Silent Spring: May, 2021, In Netherlands Poised To Be “Memorably” And “Remarkedly Cold”

Our fellow Dutch climate blogger and friend Klimaatgek writes about how cold this spring has been  in the Netherlands this year, namely April and May.

Not long ago I reported how Germany had seen its fourth coldest April since recordings began in 1881. May so far hasn’t been warm either as the DWD German weather service reported the first 15 days had been the 7th coldest since 1881. The forecast sees more cool and wet weather for the rest of the month.

Now our Dutch friends report on April and May temperatures in the Netherlands:

Also May 2021 will be memorably cold

By Klimaatgek

In the May 5, 2021 post, I wrote about the remarkably cold April month of 2021. The May 17 post was about how a weatherman tried to downplay that very cold April month with the help of a curious little map.

To show how remarkably cold the past April month was, I made three charts: (Tg = average 24 hrs; Tn = min.; Tx = max.):

Fig. 1    Data: KNMI

Fig. 2    Data: KNMI

Fig. 3    Data: KNMI

The graphs are based on 24-hour temperature data for De Bilt. As you probably know, these temperature data were homogenized between 1901 and September 1951. This homogenization is controversial, as has been written about here before. I  used these corrected data to make the above graphs but will indicate further on how the raw measurement data differ from this.

Figure 1 shows the average Tg of the month of April from 1901 through 2021, Tg is the average 24-hour temperature. Tg of April 2021 is shown in red. I did the same in Figure 2 but with Tn, the minimum daily temperature, and in Figure 3 with Tx , the maximum daily temperature of April. In all three figures, the cold month of April 2021 can be clearly observed. It is striking that especially the average Tn (minimum temperature) of April 2021 is very low.

Because the current month of May is also very cold, I also made charts for the month. Since the temperature data for May 21 to May 31 are not yet known at the time of writing, I have used the KNMI forecasts for Tn and Tx and the Weerplaza forecasts for Tg.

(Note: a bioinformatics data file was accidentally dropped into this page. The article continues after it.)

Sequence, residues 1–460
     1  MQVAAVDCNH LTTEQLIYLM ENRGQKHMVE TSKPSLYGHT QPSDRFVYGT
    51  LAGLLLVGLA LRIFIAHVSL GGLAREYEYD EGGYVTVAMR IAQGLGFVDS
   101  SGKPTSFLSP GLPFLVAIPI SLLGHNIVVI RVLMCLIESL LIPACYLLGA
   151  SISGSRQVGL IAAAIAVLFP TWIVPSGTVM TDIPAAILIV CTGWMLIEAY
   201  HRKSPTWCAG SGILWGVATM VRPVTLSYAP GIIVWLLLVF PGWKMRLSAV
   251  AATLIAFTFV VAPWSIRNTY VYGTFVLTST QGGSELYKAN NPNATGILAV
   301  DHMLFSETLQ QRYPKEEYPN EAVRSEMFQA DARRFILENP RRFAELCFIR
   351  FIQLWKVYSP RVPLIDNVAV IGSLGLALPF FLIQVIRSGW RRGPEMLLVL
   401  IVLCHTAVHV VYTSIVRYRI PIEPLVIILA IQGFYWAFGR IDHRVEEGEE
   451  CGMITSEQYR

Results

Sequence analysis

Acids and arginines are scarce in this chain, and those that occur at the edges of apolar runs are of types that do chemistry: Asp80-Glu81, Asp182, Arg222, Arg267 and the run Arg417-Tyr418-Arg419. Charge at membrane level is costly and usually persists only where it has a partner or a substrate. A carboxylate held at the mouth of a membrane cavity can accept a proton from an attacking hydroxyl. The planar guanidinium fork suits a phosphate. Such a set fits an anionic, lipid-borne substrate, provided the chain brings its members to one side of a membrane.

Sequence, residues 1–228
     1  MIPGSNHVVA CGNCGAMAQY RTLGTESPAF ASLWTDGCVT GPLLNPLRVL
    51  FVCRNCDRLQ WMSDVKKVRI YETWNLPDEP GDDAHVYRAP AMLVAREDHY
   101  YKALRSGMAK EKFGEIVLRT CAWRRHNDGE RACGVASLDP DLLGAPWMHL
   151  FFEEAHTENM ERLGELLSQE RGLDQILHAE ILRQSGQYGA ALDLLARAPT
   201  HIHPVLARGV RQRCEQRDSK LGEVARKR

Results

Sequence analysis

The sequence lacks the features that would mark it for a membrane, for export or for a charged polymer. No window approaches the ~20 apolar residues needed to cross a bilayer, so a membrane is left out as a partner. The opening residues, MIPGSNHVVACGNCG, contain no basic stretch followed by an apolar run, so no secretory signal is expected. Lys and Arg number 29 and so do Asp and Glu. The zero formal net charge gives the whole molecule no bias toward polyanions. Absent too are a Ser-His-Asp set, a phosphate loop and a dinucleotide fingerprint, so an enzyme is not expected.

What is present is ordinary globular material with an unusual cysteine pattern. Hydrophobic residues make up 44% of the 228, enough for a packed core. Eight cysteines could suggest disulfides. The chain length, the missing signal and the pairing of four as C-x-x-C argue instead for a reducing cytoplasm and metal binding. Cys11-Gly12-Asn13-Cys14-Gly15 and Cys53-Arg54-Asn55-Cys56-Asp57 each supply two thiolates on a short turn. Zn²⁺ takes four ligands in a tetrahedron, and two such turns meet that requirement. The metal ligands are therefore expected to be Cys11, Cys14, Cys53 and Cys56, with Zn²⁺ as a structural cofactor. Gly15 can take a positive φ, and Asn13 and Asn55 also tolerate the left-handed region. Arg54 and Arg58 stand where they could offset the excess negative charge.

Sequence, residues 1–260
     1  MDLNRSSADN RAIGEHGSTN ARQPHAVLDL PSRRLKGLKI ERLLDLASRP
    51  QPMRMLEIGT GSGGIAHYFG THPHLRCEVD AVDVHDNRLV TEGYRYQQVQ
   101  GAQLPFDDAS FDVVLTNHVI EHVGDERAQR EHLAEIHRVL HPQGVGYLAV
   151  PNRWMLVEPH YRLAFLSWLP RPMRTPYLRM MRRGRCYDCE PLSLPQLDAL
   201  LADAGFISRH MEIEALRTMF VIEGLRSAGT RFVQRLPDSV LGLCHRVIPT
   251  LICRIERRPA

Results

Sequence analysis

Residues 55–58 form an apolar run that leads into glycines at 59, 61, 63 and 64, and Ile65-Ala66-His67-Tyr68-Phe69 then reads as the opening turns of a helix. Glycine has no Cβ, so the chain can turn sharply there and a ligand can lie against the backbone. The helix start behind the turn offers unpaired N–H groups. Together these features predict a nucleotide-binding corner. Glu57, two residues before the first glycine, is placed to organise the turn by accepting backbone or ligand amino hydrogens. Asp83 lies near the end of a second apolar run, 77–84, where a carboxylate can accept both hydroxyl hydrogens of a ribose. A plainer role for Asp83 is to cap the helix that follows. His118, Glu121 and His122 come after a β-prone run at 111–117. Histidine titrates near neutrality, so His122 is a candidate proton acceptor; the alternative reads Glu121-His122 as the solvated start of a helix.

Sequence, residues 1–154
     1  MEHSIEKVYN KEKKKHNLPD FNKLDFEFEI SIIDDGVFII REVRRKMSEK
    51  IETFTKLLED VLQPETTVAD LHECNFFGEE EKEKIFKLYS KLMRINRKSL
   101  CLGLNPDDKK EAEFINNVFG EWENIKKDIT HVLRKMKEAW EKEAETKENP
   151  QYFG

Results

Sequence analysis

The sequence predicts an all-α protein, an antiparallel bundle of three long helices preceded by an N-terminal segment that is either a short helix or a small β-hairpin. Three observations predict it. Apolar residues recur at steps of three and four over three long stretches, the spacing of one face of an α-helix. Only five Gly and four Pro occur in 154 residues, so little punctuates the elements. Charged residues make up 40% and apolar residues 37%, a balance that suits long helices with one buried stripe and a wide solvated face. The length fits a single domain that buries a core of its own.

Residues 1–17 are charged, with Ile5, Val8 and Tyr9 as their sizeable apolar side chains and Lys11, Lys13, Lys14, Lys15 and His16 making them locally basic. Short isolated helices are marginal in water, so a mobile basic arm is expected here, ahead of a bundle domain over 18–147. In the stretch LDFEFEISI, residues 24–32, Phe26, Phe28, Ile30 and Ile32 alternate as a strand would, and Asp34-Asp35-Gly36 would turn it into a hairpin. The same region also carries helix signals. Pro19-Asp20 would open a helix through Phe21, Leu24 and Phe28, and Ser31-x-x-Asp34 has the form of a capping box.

Fig. 4    Data KNMI en Weerplaza

Fig. 5    Data KNMI en Weerplaza

Fig. 6    Data KNMI en Weerplaza

It’s a similar story for May: May 2021 is remarkably cold in the series since 1901. The difference with April is that the May 2021’s average Tx (maximum daily temperature) is remarkably low.

To find out whether the homogenization applied by KNMI to the temperature data from De Bilt affects the above picture, I also examined the raw, uncorrected data for April and May. For both the homogenized and the raw data, I calculated the position of April and May in the total series of April and May from 1901 to 2021:

Fig. 7    Data KNMI and Weerplaza

For Tg, Tn and Tx of April and May respectively, using the homogenized data on the left, I calculated how many years were colder than 2021 and how many were warmer than 2021. The picture is clear: April and May 2021 are remarkably cold for the 121-year period.

The right side of the table shows the figures after you apply the raw, uncorrected data from De Bilt. Based on raw data, both April and May 2021 rise a bit further in the ranking of coldest months.

Is all this a sign that we are at the beginning of a cooler period? Maybe so, but it’s hard to draw any firm statements about that I think.

In any case, it shows that the moment you think there is a real trend in the works after a few years of striking heat (and drought), you suddenly find yourself back to reality.

Except for alarmist weathermen, of course.


12 responses to “Silent Spring: May, 2021, In Netherlands Poised To Be “Memorably” And “Remarkedly Cold””

  1. CO2isLife

    The Netherlands aren’t the only place showing no warming. I’ve started collecting all the sites that I can find that show no warming. I have over 500 and counting sites that show no warming up trend (volitility isn’t a warming trend, all these sites have recent temperatures close to what they were decades ago). Here are the Graphics of the Sites.

  2. Shoki Kaneda

    Next year, the (corrected) temperature records will show April and May as the warmest Spring, ever.

    1. Richard Greene

      The “adjustments” will be gradual, after people are told:
      “That’s just weather, not climate”

      followed by:

      “Caused by CO2-realted changes to the jet stream”,
      or something like that.